When I was nineteen I served a mission for my church, proselyting the gospel in the Caribbean. There was a great diversity of religious opinion where I served. Hinduism was most prevalent, but Christianity and Islam were not far behind. A healthy dose of Rastafari as well, and numerous smaller theologies sprinkled on top, to say nothing of the many different sects within each larger religion-umbrella.
Because of the nature of my work there, I entered into many theological discussions with members of other churches, some of them positive and some of them not. I met more than one person who was angry at me for “being wrong,” and who would seek very aggressively to convince me of that wrongness.
And while those experiences left a strong distaste in my mouth, I have actually come to agree with some of the points they made, but many years after and not because of their hostile approach. For example, only recently I came to the realization that I misunderstood grace. I said I believed in it, but I was still trying to win my own salvation. This was something that others were able to see amiss in me, but their antagonistic methods only delayed my willingness to see the truth of the matter. I wasn’t convinced until much later, when I met others who genuinely cared for me, and as a friend helped me to see more clearly.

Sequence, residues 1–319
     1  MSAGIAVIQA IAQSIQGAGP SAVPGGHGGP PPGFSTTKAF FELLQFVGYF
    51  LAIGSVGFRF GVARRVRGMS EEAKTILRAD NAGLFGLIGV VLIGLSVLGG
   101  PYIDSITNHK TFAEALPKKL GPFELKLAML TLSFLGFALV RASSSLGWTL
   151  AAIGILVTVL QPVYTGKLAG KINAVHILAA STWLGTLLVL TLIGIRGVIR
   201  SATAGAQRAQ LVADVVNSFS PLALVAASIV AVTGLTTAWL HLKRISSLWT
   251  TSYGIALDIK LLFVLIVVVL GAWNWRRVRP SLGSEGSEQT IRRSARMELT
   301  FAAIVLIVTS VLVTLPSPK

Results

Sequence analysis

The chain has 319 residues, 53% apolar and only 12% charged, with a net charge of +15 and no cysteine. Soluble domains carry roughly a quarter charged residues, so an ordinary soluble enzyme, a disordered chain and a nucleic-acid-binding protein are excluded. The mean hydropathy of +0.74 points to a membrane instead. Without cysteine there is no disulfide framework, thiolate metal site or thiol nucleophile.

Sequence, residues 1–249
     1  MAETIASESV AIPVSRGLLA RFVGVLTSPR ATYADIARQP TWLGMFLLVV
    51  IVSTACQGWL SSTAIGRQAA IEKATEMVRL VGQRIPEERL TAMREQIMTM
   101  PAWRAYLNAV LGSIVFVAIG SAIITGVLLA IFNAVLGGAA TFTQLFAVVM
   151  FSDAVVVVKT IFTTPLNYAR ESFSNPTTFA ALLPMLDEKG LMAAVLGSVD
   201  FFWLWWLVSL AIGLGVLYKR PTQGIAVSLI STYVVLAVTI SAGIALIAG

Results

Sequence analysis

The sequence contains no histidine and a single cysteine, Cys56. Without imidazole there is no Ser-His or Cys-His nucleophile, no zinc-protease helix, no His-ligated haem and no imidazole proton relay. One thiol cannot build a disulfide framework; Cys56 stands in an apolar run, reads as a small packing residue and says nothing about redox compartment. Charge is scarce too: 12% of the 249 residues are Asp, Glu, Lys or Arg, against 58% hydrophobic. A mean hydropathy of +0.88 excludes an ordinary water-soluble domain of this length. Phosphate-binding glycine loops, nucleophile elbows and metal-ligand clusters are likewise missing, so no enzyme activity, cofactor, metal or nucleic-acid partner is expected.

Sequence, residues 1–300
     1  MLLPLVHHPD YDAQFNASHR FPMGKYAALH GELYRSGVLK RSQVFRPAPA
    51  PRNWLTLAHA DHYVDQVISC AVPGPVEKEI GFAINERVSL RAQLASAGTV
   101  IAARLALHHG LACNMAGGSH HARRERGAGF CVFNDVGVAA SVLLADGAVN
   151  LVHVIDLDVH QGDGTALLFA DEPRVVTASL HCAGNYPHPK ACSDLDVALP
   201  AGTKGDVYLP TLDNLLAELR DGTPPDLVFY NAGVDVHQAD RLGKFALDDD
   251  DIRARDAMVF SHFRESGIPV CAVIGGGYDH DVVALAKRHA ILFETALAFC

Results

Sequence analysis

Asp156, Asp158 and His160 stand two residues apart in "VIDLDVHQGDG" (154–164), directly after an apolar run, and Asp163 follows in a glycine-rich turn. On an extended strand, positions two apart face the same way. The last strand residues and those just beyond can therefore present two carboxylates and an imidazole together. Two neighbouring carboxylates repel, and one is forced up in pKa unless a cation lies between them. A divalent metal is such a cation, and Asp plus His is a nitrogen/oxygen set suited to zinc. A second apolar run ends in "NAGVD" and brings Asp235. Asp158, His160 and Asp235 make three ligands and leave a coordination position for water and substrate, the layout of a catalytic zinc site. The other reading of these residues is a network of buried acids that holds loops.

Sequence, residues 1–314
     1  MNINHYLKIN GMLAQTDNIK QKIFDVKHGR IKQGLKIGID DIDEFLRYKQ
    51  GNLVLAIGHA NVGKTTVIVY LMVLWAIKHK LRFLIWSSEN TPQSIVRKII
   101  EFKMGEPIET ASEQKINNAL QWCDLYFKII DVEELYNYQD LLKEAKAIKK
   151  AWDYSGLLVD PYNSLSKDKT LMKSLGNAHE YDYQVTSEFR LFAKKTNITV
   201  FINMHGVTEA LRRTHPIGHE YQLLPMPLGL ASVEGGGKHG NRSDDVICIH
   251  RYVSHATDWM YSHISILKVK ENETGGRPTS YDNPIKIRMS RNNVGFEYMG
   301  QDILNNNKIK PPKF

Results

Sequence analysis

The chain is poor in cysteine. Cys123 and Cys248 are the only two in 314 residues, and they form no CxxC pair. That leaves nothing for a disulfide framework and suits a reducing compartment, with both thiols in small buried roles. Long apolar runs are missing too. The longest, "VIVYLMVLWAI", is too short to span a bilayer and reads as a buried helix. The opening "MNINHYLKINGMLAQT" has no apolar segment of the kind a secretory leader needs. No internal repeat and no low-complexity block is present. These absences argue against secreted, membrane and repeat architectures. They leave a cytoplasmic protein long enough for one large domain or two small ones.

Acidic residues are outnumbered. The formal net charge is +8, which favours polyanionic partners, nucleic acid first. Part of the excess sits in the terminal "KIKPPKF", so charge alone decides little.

I’m glad to say that I also had very positive experiences with members of different faiths on my mission. In particular I remember a long conversation with a Hindu Pujari (temple priest) in his home, where he patiently explained all the concepts of their religion that I had questions about. He helped me to see the misunderstanding I had on concepts like reincarnation, nirvana, and karma.
Now I did not convert to Hinduism, but I did open myself to seeing the very real good that this religion and culture has to offer the world. For example, the emphasis that it gives to connecting with one’s physical self and caring for it; this is something that many of us Christians have a lot to learn about. I have even added the practice of yoga into my life because of the good I have seen it bring me.
Indeed, whenever I meet a soul that is intent upon being a friend, and not merely a corrector, I have found something to learn from them. No matter their religion, philosophy, or personal beliefs, no matter how many other things they think that I disagree with, there is always still something for a friend to teach.